The outcome of the DOL hearing has no impact on the criminal case. If you do lose your license administratively, you will be entitled to apply for an Ignition Interlock License which allows you to drive during the suspension if you have a functioning ignition interlock device in your car and you are carrying SR-22 high-risk insurance. Although the ignition interlock device can be removed after the license suspension, the SR-22 insurance requirement continues for three years.

Driving Under the Influence: Criminal Consequences

Although the DOL consequences are significant, they pale in comparison to the potential sentencing consequences if convicted in court.

Court – DUI Sentencing Grid
(RCW 46.61.5055 current as of 10-31-2013)

BAC Result < .15 or No Test Result No Prior Offense One Prior Offense Two or Three Prior Offenses
Jail Time Range 24 consecutive hours to364 days 30 to 364 days 90 to 364 days
EHM or Jail Alternative 15 days in lieu of jail 60 days mandatory or min. 4 more days jail 120 days mandatory or min. 8 more days jail
Fine Range $940.50 to $5,000 $1,195.50 to $5,000 $2,045.50 to $5,000
If Passenger Under 16Minimum/Range $1,000 to $5,000 + assessments $1,000/$2,000-$5,000 + assessments $1, 000/$3,000 to $10,000 + assessments
License Suspension 90-Day Suspension 2-Year Revocation 3-Year Revocation
II Driver’s LicenseII Device As ordered by DOL As ordered by DOL As ordered by DOL
If Passenger Under 16II Device 6 Months 6 Months 6 Months
Alcohol/Drug Ed./Victim Impact or Treatment As Ordered by Court As Ordered by Court As Ordered by Court

**Driver’s License Minimum suspension/revocation. DOL may impose more.

BAC Result  .15 or Test Refusal No Prior Offense One Prior Offense Two or Three Prior Offenses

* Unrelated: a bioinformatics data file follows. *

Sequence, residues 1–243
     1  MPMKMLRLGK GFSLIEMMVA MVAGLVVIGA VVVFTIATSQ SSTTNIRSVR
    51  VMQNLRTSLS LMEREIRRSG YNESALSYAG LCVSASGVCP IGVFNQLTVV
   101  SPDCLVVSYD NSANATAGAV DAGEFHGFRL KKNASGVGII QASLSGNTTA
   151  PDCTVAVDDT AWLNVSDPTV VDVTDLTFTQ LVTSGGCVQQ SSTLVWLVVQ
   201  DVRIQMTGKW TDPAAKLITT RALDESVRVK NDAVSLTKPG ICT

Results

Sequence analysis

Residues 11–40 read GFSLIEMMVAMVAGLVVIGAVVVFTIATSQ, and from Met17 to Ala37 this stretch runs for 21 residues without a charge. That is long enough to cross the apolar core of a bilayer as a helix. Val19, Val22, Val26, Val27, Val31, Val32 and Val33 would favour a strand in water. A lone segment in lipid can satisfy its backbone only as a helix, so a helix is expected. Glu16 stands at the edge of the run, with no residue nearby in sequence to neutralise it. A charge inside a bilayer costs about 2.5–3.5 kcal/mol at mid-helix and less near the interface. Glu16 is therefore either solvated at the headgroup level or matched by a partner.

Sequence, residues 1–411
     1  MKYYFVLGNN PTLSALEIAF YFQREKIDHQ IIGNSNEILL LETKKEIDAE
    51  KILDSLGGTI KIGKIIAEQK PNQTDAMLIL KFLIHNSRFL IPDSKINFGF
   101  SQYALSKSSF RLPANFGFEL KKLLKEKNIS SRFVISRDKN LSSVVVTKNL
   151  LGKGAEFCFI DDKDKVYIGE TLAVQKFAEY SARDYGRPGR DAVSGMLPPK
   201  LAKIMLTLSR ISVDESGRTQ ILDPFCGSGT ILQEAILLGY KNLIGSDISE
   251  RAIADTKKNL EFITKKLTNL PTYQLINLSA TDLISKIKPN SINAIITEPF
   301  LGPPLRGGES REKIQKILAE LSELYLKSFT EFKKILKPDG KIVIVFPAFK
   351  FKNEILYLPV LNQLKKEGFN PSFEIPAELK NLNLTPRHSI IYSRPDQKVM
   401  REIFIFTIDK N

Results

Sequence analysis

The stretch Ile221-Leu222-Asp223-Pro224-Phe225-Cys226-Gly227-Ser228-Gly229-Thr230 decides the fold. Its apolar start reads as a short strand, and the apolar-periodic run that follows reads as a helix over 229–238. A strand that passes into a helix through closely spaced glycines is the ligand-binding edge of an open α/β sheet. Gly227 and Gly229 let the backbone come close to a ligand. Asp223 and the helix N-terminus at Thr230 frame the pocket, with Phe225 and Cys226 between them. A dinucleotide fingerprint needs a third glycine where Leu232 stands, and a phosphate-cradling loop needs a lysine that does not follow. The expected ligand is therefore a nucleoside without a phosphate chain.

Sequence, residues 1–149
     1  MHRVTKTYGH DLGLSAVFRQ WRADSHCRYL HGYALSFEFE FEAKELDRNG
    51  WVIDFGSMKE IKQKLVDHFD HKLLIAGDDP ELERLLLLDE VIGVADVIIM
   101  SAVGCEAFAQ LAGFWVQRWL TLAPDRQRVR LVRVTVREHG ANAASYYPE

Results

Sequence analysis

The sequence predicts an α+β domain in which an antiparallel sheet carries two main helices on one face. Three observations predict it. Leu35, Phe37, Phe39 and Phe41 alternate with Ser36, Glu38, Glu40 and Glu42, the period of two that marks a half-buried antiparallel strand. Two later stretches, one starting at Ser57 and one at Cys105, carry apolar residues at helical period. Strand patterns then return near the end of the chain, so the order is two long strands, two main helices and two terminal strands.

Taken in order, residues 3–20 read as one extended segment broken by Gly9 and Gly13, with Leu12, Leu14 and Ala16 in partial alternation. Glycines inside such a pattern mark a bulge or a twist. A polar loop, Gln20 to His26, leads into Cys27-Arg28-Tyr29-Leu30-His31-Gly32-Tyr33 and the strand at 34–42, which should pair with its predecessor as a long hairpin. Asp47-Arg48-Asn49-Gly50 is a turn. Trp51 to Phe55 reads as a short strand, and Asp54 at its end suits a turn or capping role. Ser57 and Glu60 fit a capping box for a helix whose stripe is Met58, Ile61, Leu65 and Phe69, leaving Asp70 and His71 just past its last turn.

Jail Time Range 48 consecutive hours up to364 days 45 to 364 days 120 to 364 days
EHM or Jail Alternative 30 days in lieu of jail 90 Days mandatory or min. 6 more days jail 150 Days mandatory or min. 10 more days jail
Fine Range $1,195.50 to $5,000 $1,620.50 to $5,000 $2,895.50 to $5,000
If Passenger Under 16Minimum/Range $1,000/$1,000 to $5,000 + assessments $1,000/$2,000 to $5,000 + assessments $1, 000/$3,000 to $10,000 + assessments
License Suspension 1-Year Revocation2 Years if BAC refused 900-Days Revocation3 Years if BAC refused 4-Year Revocation
II Driver’s LicenseII Device As ordered by DOL As ordered by DOL As ordered by DOL
If Passenger Under 16II Device 6 Months 6 Months 6 Months
Alcohol/Drug Ed./Victim Impact or Treatment As Ordered by Court As Ordered by Court As Ordered by Court


Driving Under the Influence: Marijuana

Although it is now legal to possess less than one ounce of marijuana in the State of Washington, you are still prohibited from driving while under the influence of marijuana or with a TCH level of 5.00 nanograms or more within two hours of driving. The same penalties apply to an alcohol related DUI as they do to a marijuana-related conviction.

Driving Under the Influence: Minor (<21 years of age) DUI

If under the age of 21, you may be charged with a “Minor DUI” if your breath or blood test indicated an alcohol content of between 0.02 and 0.08, or determines the presence of any amount of THC. Additional charges of being a Minor in Possession of Alcohol or marijuana are also possible. Those charges carry their own potential consequences including license suspensions and criminal record and high-risk insurance and even losing the opportunity to apply for federally funded student loans.

If arrested for a Minor DUI, the DOL will attempt to administratively suspend your license for 90 days on a first offense. If convicted criminally, the maximum penalty is up to 90 days in jail, a $1,000 fine plus up to two years of probation, a permanent criminal record and the possibility of alcohol/drug treatment.

Boating Under the Influence